I personally believe that the coming of Superman may one day be looked back on as one of the most significant events in human history. As will our response.
These words, spoken by Senator Finch and no doubt read in Elastigirl’s voice, serve as a perfect thesis statement in regards to the public’s perception of Superman after the events of Man of Steel. For better or worse, the world will never be the same, and how humanity copes with the dawn of heroes says just as much about mankind as it does the heroes themselves.
Serving as a prelude to the upcoming Batman v Superman: Dawn of Justice (or “Bevis,” for short), Senator Finch’s installment takes place in a single room focusing on a single conversation, and it is absolutely gripping. Massive credit to Christos Gage for taking a dry concept (politicians and military personnel talking) and making it a genuinely engaging story.
After viewing a kind of hilariously over-the-top simulation of what would happen if Superman lost control, Finch and a small group of members of the Senate Subcommittee on Emerging Threats and Capabilities (or SSETC, which doesn’t actually spell anything cool) discuss the repercussions of Superman’s involvement in world affairs.
It’s well-trod ground, but Gage looks beyond the simple paranoia of “he’s not one of us” and the perceived naïveté of “he’s just trying to help” and digs a little deeper into Superman’s psyche.
Instead of falling back on the now cliche mentality of being an alien and leaving it at that, Gage brings up excellent points on both sides: what if he’s unstable? How do we respond if he doesn’t have our best interests at heart? Conversely, he’s done so much good that people ask him to save cats and cure cancer. Where do we draw the line on our expectations? There aren’t any answers, but I’m glad it’s asking the questions.
Finch herself isn’t so much the spotlight as part of an ensemble, but there are some revelations into her character: she seems to be more open-minded towards Superman than early looks would lead us to believe, as she doesn’t fall squarely on either side of the argument. There may be some hidden agenda she has that will come to light later, but right now she’s more curious than anything.
For a freebie comic offered by Dr Pepper™, the Mightiest of Soft Drinks (Patent Pending), there’s surprising depth to the storytelling. It’s not bad to look at either, though the lack of action means Joe Bennett doesn’t get much to do. But hey, that opening sequence was pretty great.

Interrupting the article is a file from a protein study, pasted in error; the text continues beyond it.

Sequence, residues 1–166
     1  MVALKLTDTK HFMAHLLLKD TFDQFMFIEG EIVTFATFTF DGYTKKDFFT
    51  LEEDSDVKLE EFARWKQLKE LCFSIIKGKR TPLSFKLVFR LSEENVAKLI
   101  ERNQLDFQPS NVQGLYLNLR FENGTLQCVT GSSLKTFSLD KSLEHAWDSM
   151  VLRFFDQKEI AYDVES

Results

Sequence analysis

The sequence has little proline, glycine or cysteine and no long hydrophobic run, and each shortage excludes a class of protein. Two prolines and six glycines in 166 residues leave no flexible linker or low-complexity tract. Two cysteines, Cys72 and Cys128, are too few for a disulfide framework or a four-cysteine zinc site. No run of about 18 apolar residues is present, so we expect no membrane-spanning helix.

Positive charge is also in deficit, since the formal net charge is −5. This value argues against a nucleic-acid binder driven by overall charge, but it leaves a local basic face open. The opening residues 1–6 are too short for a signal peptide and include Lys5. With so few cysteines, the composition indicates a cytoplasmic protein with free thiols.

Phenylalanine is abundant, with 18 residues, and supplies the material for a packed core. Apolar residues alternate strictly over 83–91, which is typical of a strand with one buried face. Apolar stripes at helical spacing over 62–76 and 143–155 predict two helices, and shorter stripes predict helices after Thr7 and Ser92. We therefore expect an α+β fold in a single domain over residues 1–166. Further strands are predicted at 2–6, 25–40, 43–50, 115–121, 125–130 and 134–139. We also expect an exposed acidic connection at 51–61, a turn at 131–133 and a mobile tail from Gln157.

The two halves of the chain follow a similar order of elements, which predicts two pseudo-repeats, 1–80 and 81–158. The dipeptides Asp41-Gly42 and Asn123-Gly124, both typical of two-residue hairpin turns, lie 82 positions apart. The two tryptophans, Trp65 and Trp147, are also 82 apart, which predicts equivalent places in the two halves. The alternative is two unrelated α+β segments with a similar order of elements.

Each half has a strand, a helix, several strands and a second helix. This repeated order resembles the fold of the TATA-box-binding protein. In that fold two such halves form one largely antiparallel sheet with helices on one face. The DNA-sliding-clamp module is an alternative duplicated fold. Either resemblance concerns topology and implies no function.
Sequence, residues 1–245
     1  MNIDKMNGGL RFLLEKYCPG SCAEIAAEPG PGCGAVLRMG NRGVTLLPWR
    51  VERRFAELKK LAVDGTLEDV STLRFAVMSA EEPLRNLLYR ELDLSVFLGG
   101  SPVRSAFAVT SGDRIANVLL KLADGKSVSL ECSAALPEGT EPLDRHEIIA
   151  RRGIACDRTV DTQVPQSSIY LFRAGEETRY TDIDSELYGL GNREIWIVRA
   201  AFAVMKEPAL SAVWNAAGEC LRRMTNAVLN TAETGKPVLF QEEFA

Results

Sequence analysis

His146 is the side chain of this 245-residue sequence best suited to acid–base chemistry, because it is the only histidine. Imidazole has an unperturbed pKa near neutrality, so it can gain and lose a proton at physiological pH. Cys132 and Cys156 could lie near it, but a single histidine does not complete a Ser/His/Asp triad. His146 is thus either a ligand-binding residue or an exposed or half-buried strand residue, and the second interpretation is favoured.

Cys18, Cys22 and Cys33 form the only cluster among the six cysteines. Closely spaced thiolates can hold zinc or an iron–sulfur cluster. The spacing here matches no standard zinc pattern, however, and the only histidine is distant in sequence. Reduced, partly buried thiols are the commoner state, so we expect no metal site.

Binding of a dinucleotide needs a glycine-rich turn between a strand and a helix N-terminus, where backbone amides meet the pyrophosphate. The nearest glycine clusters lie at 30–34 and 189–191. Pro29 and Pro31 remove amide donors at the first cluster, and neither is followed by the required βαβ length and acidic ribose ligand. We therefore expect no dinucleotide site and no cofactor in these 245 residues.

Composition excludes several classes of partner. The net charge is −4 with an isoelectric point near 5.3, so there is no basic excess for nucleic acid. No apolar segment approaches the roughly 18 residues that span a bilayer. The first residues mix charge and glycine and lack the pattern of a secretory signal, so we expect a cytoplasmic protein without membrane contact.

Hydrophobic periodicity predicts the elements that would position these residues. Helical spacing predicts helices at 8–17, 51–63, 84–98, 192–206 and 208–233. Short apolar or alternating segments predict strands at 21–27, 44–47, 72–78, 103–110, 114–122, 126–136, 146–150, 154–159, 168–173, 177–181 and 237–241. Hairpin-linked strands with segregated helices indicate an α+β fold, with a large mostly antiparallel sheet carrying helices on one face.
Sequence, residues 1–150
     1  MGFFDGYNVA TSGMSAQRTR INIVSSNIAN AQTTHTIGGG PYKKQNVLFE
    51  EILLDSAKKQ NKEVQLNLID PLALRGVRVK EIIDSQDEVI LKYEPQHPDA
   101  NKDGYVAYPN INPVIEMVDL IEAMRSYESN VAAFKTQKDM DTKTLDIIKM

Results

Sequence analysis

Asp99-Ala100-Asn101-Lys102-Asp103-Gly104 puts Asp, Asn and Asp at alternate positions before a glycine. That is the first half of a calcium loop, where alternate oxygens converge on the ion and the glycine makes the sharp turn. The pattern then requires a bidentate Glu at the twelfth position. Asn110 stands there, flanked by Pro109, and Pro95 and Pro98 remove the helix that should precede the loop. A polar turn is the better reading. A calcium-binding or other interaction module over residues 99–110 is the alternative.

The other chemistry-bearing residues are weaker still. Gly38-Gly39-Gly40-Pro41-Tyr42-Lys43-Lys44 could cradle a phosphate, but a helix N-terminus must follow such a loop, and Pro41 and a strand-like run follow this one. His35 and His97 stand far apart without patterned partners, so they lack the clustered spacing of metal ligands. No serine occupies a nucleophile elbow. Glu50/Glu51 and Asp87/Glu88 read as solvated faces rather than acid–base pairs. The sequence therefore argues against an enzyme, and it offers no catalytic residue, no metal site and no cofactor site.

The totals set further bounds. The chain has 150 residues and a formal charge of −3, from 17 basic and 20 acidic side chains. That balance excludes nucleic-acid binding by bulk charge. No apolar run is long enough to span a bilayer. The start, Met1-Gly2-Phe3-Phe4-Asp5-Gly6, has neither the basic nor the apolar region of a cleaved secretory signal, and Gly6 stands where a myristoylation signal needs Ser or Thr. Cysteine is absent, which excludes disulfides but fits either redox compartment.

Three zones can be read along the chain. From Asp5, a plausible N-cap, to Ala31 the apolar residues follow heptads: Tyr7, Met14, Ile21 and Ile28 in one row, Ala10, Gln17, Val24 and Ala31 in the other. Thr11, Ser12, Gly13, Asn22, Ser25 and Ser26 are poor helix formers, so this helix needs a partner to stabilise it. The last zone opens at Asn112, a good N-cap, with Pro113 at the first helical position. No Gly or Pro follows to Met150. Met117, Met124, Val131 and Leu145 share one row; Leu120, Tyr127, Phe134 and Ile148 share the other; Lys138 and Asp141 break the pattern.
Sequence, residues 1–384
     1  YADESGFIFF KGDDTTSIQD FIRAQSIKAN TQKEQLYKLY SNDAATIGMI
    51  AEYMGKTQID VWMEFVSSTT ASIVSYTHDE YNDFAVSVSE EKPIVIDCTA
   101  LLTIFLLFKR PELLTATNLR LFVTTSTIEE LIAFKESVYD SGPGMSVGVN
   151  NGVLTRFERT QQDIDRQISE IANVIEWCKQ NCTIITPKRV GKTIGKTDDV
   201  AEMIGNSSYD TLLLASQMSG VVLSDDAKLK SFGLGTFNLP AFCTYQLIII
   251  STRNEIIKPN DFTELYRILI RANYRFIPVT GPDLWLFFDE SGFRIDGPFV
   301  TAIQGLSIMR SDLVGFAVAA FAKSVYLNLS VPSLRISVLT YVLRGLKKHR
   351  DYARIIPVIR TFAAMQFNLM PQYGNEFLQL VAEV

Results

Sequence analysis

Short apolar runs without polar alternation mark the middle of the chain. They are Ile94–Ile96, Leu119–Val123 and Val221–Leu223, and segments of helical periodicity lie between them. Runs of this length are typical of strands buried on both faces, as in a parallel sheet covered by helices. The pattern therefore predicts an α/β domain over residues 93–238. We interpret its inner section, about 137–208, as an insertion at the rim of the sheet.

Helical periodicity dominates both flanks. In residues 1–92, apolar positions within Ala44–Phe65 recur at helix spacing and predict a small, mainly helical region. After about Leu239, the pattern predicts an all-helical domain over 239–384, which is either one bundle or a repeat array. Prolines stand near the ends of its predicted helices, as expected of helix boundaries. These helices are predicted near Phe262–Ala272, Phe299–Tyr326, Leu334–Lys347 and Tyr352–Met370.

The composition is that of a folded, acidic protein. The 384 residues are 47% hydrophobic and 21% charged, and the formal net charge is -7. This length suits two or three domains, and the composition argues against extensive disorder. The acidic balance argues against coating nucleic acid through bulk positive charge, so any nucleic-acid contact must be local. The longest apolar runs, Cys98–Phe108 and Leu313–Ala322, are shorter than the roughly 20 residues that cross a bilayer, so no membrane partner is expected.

Oddly enough, it reminds me a bit of Jeph Loeb and Time Sale’s classic A Superman For All Seasons, if not in form and execution than in intent. While All Seasons is hands down one of the greatest Superman stories of all time and this is a pleasant enough diversion, they both focus less on Superman himself than on a particular person’s view of him. The Loeb/Sale story centers around different narrators for each represented season and this issue has multiple points of view in a short amount of time, but the meaning is still there: some are in awe, some are afraid, and still others are angry at his presence, but everybody at least feels something about Superman. A tenuous connection, maybe, but anything that makes me think about great Superman stories for a good reason is ok enough with me.
BONUS: I decided to record a video to detail further thoughts on the promotion.
- You’re looking forward to
BevisBatman v Superman: Dawn of Justice.
- You like free comics.
- You love Dr Pepper™, Beverage of Justice®
- You like depth, especially surprising depth, to your comics.
Overall: Much better than it really deserves to be, and that’s hardly faint praise. We’re given a surprisingly even-handed look at Superman in this universe, with criticisms addressed intelligently and hopes raised expectantly, and neither side being shown as the right one. If the film is written and characterized as well as this then we’ll have a great time come March, and also Dr Pepper is awesome. It’s a win-win!